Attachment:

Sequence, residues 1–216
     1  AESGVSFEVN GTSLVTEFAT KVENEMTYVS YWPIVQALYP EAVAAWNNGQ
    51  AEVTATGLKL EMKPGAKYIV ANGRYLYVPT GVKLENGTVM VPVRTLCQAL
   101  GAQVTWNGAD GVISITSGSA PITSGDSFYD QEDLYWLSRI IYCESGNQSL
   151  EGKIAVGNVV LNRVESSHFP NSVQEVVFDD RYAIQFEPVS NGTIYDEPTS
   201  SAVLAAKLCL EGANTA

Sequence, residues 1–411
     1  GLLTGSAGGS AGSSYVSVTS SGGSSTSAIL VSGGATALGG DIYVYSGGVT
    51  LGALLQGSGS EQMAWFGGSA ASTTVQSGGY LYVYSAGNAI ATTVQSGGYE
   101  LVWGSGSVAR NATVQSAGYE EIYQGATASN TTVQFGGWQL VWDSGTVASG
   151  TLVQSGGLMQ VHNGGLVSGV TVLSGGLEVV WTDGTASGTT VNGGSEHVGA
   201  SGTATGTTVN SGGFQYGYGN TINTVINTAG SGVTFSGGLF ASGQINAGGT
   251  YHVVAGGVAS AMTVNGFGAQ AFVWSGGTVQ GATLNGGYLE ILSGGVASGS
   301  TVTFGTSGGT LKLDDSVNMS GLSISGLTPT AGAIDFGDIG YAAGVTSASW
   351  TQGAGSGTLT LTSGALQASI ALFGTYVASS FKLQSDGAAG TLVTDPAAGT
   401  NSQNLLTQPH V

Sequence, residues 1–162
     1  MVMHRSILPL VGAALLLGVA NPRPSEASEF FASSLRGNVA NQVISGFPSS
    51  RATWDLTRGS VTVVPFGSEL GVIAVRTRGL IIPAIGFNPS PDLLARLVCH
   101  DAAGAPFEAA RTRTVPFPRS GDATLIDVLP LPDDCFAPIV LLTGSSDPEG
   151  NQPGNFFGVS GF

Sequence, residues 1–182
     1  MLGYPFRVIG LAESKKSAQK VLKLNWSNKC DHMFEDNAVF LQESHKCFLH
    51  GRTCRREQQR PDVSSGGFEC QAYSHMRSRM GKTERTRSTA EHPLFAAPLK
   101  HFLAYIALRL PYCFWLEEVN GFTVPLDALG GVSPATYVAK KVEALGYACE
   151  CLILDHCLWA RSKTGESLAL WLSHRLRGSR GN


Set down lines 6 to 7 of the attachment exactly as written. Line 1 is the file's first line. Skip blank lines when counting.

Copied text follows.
   201  SAVLAAKLCL EGANTA

Sequence, residues 1–411